4 studies [1417] compared EA with conventional acupuncture, and 1 study [17] compared EA with moxibustion (with oryzanol) and routine acupuncture. 2 studies [18,19] compared EA with sham EA where the acupuncture was placed at a distance and electrical stimulation was used, and one study [20] compared a group that received EA with herbal medicine and herbal medicine alone.
4 studies designated the FSS score as the primary outcome measure [14,15,18,19], 1 designated the FAI [20], 1 designated the FS-14 [17], and 1 designated the TER [16]. Regarding the secondary outcomes, 5 studies designated the SPHERE [14,15,1719] and 1 designated the WHOQOL-BREF [20]. 1 study [16] had only 1 outcome measure which was the TER. In 1 study [17], 2 people dropped out of the control group, and the reason for the dropout was not stated. No dropouts were reported in the other studies.

Interventions

Using the STRICTA guidelines [11], the matters related to the intervention of the 7 RCTs patients are shown in Table 5.

Treatment period and frequency

4 studies [14,15,17,20] treated patients for four weeks, with the sessions conducted once a day [17], 5 times a week [14], 3 times a week [20], and 2 times a week [15]. In 2 studies [16,19], treatment was performed for ten days, with the sessions conducted once a day [19], and once every 3 days [16]. In another study [18], ten sessions were conducted over 12 days.

Acupoint

The most frequently used acupoint was ST36 [1516,1820], which was used in 5 studies. CV4 [1416,20], CV8 [14,15,17,20], and BL23 [15,16,18,19] were used in 4 studies. 5 studies used the CV meridian [1417,20] and CV meridian acupoints.
When studies were classified by the control group, each study showed homogeneity in the treatment acupoints, and CV meridian acupoints were used in 4 studies [1417] where the control was conventional acupuncture.
CV4 [1417] was used in 3 studies, and CV8 [14,17] and ST36 [15,16] were used in 2 studies. In 2 studies [18,19] where the control group was sham EA, ST36 and BL23 were used as acupoints to show similarities.
In 3 studies [15,16,20], the acupoints were selected according to the patient’s symptoms. 1 study [16] suggested the standard treatment should include BL23 when insomnia was present and GB34 when muscle pain was present. 3 studies [1719] recorded acupuncture points where electrical stimulation was provided, but other studies [1416, 20] did not mention this.

Treatment method

Regarding the length of the needle used, 1–1.5 cun was used in 1 study [15,18,20], 2 cun was used in 1 study [19], and a 0.30 × 0.40 needle was used in 1 study [16]. There was no mention of the length of the needle used in 2 studies [14,17].
As for the needle depth, insert needle until “de qi” is experienced was used as the standard in 6 studies [1416, 1820]. In 1 study [17], the exact depth and direction of the insert (15 mm parallel to the ear canal) were recorded. The intensity of EA was set according to the patient’s tolerance level in 6 studies [1520], and there was no mention in 1 study [14]. The frequency was different in all studies, 3 Hz [14], 4/20 Hz [17], and 20–100 Hz [18] were used, and in 4 studies [15,16,19,20], there was no mention of the frequency used. In 5 studies [1417,20], the treatment time was 30 minutes, and in 2 studies [18,19] it was 20 minutes.

Risk of bias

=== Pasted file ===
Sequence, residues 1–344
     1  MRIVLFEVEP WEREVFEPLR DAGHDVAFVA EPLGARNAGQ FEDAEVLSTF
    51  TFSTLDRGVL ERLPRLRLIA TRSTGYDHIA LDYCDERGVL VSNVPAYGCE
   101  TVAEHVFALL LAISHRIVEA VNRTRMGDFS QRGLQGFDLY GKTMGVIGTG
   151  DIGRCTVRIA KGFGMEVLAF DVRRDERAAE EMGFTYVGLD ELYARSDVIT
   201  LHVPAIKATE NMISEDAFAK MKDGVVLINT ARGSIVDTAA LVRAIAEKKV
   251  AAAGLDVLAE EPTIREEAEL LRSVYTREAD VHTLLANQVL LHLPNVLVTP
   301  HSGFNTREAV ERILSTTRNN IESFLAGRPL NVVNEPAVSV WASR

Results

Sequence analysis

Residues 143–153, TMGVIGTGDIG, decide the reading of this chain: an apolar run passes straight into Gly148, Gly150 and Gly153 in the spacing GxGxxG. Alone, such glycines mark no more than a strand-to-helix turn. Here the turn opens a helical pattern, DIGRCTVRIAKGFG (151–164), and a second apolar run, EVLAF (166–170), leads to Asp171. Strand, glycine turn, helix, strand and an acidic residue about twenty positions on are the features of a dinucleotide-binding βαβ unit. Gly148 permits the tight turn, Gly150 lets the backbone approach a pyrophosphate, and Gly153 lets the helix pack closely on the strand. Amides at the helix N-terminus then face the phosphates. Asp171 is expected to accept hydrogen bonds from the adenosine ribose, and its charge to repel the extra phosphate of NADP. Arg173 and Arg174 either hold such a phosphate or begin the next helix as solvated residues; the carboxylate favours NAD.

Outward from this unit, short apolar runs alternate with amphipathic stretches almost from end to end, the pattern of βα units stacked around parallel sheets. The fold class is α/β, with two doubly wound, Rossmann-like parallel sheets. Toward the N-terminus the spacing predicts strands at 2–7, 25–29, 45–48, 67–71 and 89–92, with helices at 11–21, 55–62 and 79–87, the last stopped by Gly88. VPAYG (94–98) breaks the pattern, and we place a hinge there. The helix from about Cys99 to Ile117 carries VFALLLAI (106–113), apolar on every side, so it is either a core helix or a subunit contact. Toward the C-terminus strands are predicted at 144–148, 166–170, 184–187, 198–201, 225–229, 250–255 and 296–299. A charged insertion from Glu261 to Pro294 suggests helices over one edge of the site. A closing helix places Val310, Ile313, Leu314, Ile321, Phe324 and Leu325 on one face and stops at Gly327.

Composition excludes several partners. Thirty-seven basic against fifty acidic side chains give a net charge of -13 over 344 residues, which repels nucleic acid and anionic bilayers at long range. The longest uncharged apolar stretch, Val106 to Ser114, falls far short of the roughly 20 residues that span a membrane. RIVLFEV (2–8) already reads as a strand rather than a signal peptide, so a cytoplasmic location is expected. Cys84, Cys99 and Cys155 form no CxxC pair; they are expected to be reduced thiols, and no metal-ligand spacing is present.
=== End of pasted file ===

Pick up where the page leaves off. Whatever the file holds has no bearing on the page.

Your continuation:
The RoB was evaluated using Cochrane’s RoB tool for the 7 RCTs. Revman 5.3.0 is shown in Figs. 2 and 3.

Random sequence generation

In 1 study [14], the opaque envelopes method of randomization approved by Huzhou Hospital ethics commission committee was used. In 2 studies [17,20], randomization was performed using a random number table. Therefore, the RoB for random sequence generation was rated as “low” for these studies. There was no mention of the randomization method in 3 studies [16,18,19], so it was evaluated as “unclear” RoB. In 1 study [15], the RoB was evaluated as “high” because it was mentioned that the assignment was made through visit order.

Allocation concealment

In 2 studies [14,17], the RoB for allocation concealment was evaluated as “low” because an independent 3rd party concealed the allocation, and the remaining 5 studies [15,16,18,19,20] did not mention the concealment of the allocation order. Therefore, the RoB in those studies was evaluated as “unclear.”

Blinding of participants and personnel

Due to the nature of EA, it is difficult to blind the operator and patient. Blinding was not performed in all 7 studies [1420], and the RoB was evaluated as “high.”

Blinding of outcome assessment

In 7 studies [1420], the risk was evaluated as “uncertain” because there was no mention of the blinding of the evaluators.

Incomplete outcome data

In 1 study [18], the risk was evaluated as “unclear” because there was no reason presented for the missing value. The RoB for incomplete outcome data was rated as “low” in the other 6 studies because there was no missing data.

Selective reporting

All 7 studies [1420] reported all expected results in the experimental design of their study. Therefore, the RoB for selective reporting was rated as “low.”

Other bias

Although reports on baseline partisans were omitted in 2 studies [16,19], the RoB was evaluated as “unclear” for other bias because the p value between the 2 groups showed less heterogeneity. In all five studies [1419,20], the RoB was evaluated as “low” because there was no claim that the design was potentially biased.

Effectiveness of intervention

Fatigue

Meta-analysis was conducted by synthesizing 5 studies [14,15, 1820] using the indicators of the level of fatigue including the FSS and the FAI. 2 studies [14,15] compared EA with conventional acupuncture, 1 study [18,19] compared EA with sham EA, and 1 study [20] compared EA with herbal medicine and herbal medicine alone were analyzed when categorized into small groups, and then the total results were analyzed again (Fig. 4).